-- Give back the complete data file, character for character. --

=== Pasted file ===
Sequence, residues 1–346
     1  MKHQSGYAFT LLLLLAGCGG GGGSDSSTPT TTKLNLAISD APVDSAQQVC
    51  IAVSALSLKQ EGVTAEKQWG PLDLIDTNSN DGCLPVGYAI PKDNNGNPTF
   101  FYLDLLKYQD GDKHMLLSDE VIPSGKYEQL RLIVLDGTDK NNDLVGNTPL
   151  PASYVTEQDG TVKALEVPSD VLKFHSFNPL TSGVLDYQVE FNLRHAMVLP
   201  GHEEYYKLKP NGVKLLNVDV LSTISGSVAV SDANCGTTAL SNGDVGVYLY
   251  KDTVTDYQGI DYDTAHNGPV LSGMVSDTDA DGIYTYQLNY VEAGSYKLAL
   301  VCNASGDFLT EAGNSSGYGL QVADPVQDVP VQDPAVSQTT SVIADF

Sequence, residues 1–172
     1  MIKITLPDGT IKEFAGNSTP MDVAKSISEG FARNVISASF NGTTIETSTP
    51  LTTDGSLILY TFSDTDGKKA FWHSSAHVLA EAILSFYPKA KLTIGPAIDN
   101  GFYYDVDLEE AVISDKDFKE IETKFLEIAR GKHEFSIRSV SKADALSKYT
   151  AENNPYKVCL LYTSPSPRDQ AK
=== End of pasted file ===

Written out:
Sequence, residues 1–346
     1  MKHQSGYAFT LLLLLAGCGG GGGSDSSTPT TTKLNLAISD APVDSAQQVC
    51  IAVSALSLKQ EGVTAEKQWG PLDLIDTNSN DGCLPVGYAI PKDNNGNPTF
   101  FYLDLLKYQD GDKHMLLSDE VIPSGKYEQL RLIVLDGTDK NNDLVGNTPL
   151  PASYVTEQDG TVKALEVPSD VLKFHSFNPL TSGVLDYQVE FNLRHAMVLP
   201  GHEEYYKLKP NGVKLLNVDV LSTISGSVAV SDANCGTTAL SNGDVGVYLY
   251  KDTVTDYQGI DYDTAHNGPV LSGMVSDTDA DGIYTYQLNY VEAGSYKLAL
   301  VCNASGDFLT EAGNSSGYGL QVADPVQDVP VQDPAVSQTT SVIADF

Sequence, residues 1–172
     1  MIKITLPDGT IKEFAGNSTP MDVAKSISEG FARNVISASF NGTTIETSTP
    51  LTTDGSLILY TFSDTDGKKA FWHSSAHVLA EAILSFYPKA KLTIGPAIDN
   101  GFYYDVDLEE AVISDKDFKE IETKFLEIAR GKHEFSIRSV SKADALSKYT
   151  AENNPYKVCL LYTSPSPRDQ AK